Ifejika: It’s a funny situation because people talk about where there is life and where there is no evidence of death, there is hope. So people are still hopeful. In fact, a BBC colleague spoke to people who think they spotted the girls about three weeks ago in a place called Gwoza. Gwoza is a place where Boko Haram made their de facto capital when they declared their Islamic caliphate in the northeast of Nigeria. So there have been some sightings--there have been reports of about three sightings over the past year and, as I said, just as recently as three weeks ago. What President-elect Muhammadu Buhari is doing is, as a military man, tamping down expectations so that people don’t think that he’s a man that’s going to work miracles on day 1. There’s so much expectations from him, so one of the things they’re trying to do straight away even before he gets into office is to manage expectations. So it might not be encouraging for people, but I think it’s in the spirit of being honest and open about what’s happening, which people are thinking it’s different to what’s been going on over the past year under the current administration.


Werman: My BBC colleague in Nkem Ifejika in Abuja, the Nigerian capital. Earlier I mentioned the hashtag #BringBackOurGirls. A year ago, it was being tweeted by everyone from First Lady Michelle Obama to Ellen Degeneres. Amina Aminu Dorayi was one of the original organizers of the Bring Back Our Girls campaign and one year later she remains committed to the cause.


Amina Aminu Dorayi: Up until today, as we speak, we have no concrete good idea as to where these girls are.


Werman: The outgoing Nigerian president, Goodluck Jonathan, has been widely criticized for not doing enough to find the girls from Chibok. So now that Muhammadu Buhari has returned as Nigeria’s new president-elect, he’s vowing to take on the militants from Boko Haram. Is this just political talk though? Why do you think Buhari will have more success than Jonathan?


Dorayi: The present administration, the present government of President Goodluck Jonathan clearly did not do as much as anyone of us expected. Abduction of human beings would have been better tackled in the first few hours, or few days, or few months if I may say. But we know that after a year now, we are hoping that with a new government in place, because we have heard even during the campaigns of the president-elect, that one of his very critical points or areas of concern would be security, and we all know that one of the areas that we hope that the security plans of the new president-elect is going to tackle is, first of all, to find where the girls are. So he has said that he will try his best but that he is not promising anything at this point, but he is going to try. I think where we need to even begin for the new dispensation is actually to have a kind of report. Before this government actually hands over, I think they need to really truthfully inform the new administration on where we are with the Chibok girls issue.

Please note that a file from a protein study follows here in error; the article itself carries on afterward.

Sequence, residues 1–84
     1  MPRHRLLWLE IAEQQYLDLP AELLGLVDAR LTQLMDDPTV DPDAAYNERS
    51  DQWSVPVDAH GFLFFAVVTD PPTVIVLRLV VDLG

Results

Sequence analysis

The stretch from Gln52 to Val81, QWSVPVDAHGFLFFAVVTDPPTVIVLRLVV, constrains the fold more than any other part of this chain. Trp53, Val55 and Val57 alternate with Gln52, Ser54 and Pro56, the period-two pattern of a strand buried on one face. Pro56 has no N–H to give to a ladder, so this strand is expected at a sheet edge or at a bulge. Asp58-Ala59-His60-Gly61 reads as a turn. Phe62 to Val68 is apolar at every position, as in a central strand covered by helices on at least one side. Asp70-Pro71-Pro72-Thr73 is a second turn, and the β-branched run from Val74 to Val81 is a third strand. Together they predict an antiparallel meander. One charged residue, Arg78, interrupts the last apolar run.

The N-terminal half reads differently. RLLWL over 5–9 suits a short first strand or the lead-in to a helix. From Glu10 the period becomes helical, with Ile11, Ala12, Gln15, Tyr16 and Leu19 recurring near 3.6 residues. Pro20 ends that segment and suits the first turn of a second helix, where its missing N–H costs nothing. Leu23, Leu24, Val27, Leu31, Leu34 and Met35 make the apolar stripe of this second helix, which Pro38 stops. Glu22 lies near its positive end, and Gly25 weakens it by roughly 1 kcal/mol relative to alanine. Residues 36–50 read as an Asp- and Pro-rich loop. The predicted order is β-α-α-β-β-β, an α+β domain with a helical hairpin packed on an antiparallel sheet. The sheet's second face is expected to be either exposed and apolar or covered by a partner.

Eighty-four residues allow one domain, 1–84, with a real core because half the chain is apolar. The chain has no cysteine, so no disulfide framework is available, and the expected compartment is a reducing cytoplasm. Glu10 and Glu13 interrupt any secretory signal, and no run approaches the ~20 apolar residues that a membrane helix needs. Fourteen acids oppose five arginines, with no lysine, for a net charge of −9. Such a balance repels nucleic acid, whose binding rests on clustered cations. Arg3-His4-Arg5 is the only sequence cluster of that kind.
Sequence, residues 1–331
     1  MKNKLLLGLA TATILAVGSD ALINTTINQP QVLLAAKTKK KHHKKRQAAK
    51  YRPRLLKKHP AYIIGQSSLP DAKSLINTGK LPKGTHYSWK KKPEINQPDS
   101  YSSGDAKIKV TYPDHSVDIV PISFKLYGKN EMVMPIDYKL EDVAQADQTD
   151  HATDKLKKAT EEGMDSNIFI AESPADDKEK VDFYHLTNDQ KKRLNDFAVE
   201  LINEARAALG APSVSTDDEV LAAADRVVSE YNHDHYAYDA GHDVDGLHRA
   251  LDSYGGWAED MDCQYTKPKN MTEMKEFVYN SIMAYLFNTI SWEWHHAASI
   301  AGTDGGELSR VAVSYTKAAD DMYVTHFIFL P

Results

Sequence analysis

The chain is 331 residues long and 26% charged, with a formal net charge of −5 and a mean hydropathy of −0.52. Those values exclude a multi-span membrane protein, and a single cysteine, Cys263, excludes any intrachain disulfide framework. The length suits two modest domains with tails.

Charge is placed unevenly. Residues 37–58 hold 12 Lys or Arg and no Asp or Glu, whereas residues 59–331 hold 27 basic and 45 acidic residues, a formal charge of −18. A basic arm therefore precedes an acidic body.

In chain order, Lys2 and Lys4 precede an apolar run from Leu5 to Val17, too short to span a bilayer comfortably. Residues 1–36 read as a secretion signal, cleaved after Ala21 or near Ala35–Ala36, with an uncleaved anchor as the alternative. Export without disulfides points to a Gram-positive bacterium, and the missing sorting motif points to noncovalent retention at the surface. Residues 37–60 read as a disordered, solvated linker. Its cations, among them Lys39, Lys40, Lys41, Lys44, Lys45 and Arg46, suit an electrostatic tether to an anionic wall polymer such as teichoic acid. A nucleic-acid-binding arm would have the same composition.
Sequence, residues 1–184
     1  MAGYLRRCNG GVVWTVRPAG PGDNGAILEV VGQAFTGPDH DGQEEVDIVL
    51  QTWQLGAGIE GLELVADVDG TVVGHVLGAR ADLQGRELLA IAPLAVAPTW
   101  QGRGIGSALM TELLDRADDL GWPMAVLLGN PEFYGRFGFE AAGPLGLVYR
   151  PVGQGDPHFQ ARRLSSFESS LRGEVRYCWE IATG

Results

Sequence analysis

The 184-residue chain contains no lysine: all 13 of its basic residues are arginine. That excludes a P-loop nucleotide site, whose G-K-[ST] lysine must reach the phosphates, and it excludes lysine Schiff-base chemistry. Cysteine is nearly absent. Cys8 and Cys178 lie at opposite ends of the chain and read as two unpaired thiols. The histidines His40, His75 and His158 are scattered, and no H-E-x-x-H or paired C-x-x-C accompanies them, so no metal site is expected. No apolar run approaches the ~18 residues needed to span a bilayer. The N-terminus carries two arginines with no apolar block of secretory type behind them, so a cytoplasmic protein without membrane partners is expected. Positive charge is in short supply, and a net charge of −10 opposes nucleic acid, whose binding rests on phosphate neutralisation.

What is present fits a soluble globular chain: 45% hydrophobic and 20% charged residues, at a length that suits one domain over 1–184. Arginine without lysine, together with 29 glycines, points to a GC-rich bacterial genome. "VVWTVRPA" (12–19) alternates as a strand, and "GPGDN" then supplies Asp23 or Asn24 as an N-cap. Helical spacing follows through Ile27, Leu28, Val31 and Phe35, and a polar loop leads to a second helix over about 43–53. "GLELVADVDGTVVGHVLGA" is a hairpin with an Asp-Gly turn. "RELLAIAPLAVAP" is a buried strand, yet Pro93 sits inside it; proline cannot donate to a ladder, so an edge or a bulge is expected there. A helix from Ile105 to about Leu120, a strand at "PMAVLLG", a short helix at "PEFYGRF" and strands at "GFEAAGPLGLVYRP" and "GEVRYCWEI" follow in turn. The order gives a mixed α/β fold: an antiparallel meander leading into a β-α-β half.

Werman: And even that has not been made clear to the Nigerian public yet?


Dorayi: It is not clear. What we hear and what we keep on hearing from the government especially is that they’re trying their best, they’re winning the war against Boko Haram. But as far as we’re concerned, the war against Boko Haram will not even start being addressed without us being able to bring back or rescue over 200 girls. Two hundred is a large number and Nigeria has a vast expanse of land, but I don’t think that we should accept not knowing where 200+ girls are for a year now.


Werman: Dr. Dorayi, we’ve been talking about these 200 girls abducted a year ago, but Amnesty International just released a report this week that states at least 2,000 women have been captured by Boko Haram in 2014. So even if these girls do come back, how are people handling the emotional scars of these repeated disappearances?


Dorayi: It is a very disappointing situation and most people in the northeast, as you are aware, have even left and fled their homes. They’re in internally displaced camps across Nigeria. So in addition to the emotional distraught and the family breakdown, we also have people from the northeast that have been displaced from their homes, from their businesses, so it is a really big challenge that we’re dealing with.


Werman: I know, Dr. Dorayi, you’ve got children of your own. How do you explain to them what is happening in Nigeria?


Dorayi: I have a daughter in boarding school also, and when the abduction took place last year, she actually called me from school and asked me if she was safe, and I didn’t really know what to say because if I say she’s safe, maybe I wouldn’t be telling her the truth, and she and her colleagues also heard that girls have been abducted from boarding school. Maybe some of us having daughters too have made us really think twice and understand the pains that the parents of these girls are facing. So it’s not an easy thought at all.


Werman: Dr. Amina Aminu Dorayi, one of the original organizers of the Bring Back Our Girls campaign. Thank you very much.


Dorayi: You’re welcome. Thank you for having me.